Wrong answer, customers share in an equal right to all goods and services that are on offer in his place of public accommodation, reserving any one or more of them based on a suspect classification, discrimination in violation of the law. He only refused a wedding cake is no more an excuse for his violating the law than God is.The 1st Amendment removes to force of government in this case… Unless the baker was running around not allowing gays into ANY bakery then he is well within his rights.
I brought up the Salem witch trials only to explain the mindset of our founding fathers. They wanted religions and their religious to have a great deal of right to their beliefs and the freedom to exercise them, but being just a few generations removed from folk having God and their then government do something like that, it was never meant as an absolute right or freedom. There can be limits upon what God can excuse you from doing and limits on what government and religion can do in collaboration. They are necessary, religion and more often, the religious, can get seriously carried away. The government can get carried away too, but we the people are supposed to be the damper on that. The limit on not just the religious business owners right to refuse service, but ALL business owners right to refuse service on the basis of specific suspect classifications, has been necessitated by a history of bad conduct by business owners. Preventing random and usually ugly acts of bigotry in the public square, a compelling interest of the government, ESPECIALLY if they are protecting folk the owner has chosen to hate.Yes, and it’s so sad that 16 people perished, however, not selling a wedding cake to a gay couple is not a fair comparison.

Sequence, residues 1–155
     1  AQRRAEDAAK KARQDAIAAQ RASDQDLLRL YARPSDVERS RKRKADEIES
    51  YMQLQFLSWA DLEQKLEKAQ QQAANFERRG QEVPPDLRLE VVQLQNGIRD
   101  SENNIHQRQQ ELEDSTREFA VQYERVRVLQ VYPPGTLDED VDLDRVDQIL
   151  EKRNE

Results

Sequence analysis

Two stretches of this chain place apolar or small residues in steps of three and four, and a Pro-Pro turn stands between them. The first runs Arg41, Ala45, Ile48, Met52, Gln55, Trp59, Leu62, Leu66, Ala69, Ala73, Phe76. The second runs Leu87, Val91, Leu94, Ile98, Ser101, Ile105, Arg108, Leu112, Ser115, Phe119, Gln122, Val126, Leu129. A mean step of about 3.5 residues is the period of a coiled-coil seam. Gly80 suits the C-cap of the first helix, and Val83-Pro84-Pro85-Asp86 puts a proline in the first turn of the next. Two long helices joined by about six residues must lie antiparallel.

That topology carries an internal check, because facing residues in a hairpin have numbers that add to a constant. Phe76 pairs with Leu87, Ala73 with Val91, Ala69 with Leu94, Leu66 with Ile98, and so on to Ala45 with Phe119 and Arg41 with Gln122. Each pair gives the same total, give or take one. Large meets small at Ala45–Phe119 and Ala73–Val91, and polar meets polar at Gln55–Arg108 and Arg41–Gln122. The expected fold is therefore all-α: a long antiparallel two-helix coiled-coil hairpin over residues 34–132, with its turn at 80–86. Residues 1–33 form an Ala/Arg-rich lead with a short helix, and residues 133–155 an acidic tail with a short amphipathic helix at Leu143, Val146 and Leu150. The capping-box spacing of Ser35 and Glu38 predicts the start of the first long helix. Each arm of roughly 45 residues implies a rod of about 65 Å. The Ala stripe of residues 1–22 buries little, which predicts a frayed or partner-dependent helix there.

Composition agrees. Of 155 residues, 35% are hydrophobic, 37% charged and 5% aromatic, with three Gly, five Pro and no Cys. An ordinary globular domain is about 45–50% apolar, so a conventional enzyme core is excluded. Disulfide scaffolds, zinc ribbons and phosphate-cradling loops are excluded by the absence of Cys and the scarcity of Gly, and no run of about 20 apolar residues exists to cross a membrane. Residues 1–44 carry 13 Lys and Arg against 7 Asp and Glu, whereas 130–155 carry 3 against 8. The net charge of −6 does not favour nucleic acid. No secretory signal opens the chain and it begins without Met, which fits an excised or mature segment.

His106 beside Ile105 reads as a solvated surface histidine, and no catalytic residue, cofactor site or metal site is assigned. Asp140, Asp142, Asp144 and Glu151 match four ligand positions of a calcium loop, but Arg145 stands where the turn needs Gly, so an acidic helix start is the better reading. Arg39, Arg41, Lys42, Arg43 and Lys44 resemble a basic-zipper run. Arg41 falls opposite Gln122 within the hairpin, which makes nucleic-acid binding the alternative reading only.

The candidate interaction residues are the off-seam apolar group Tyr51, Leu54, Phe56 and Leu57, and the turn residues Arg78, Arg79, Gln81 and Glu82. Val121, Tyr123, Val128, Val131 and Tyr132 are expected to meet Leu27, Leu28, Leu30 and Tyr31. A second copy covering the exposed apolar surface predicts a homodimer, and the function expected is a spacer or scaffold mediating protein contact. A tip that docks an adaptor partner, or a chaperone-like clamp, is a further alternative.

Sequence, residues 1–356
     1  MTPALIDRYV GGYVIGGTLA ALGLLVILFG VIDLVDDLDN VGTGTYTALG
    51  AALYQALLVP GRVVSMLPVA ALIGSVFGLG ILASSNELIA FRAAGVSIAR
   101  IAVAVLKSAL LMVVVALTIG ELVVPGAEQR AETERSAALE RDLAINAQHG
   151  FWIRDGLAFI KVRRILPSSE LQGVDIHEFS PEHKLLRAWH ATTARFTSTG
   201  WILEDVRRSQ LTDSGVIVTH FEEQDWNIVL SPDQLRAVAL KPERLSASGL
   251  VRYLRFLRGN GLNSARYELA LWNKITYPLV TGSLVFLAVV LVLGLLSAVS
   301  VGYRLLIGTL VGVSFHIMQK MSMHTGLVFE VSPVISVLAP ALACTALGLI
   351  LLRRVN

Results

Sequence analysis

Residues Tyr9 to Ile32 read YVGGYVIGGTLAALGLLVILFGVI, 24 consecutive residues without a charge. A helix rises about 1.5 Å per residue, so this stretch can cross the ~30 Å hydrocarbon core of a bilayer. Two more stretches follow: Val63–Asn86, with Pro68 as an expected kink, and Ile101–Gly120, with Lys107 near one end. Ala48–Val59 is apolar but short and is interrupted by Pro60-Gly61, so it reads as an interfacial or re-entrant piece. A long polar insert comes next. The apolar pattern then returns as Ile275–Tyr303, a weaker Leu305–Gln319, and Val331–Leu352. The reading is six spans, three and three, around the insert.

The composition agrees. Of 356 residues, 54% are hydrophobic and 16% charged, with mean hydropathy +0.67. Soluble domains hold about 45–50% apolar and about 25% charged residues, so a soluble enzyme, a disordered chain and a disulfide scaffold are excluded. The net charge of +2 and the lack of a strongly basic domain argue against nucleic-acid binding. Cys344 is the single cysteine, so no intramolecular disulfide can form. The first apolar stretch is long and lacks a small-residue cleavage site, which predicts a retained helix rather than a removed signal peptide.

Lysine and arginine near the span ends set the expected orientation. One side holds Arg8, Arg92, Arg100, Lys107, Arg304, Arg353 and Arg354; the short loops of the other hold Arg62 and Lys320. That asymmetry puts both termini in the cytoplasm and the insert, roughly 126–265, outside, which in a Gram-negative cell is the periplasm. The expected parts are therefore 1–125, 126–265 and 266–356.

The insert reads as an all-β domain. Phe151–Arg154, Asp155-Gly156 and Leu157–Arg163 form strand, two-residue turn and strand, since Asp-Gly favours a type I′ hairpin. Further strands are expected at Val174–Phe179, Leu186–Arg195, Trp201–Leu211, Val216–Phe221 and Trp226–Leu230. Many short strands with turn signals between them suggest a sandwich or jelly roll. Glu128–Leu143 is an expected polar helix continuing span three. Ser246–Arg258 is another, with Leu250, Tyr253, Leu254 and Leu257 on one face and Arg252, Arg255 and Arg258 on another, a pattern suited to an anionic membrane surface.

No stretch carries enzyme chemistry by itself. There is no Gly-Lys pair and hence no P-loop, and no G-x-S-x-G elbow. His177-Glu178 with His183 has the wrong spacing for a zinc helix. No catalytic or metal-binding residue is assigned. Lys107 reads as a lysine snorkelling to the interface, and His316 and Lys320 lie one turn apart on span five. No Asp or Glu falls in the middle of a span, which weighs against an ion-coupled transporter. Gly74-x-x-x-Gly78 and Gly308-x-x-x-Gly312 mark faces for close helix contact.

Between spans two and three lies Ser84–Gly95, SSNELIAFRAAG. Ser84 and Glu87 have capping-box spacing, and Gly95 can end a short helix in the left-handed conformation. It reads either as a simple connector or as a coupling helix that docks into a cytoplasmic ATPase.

You've offered no other explanation as to why his action was one protected by the 1st Amendment, other than it just having to be his right to do so. I know you have some idea of there being some sort of limit on the right to practice one preaches, but you really haven't explained how or why this act exists on this side of that limit other than it being his right to do so, you've made his right an absolute one in regards to the question whether this act is covered.Please show me where I claim that the 1st Amendment gives “absolute freedom.”.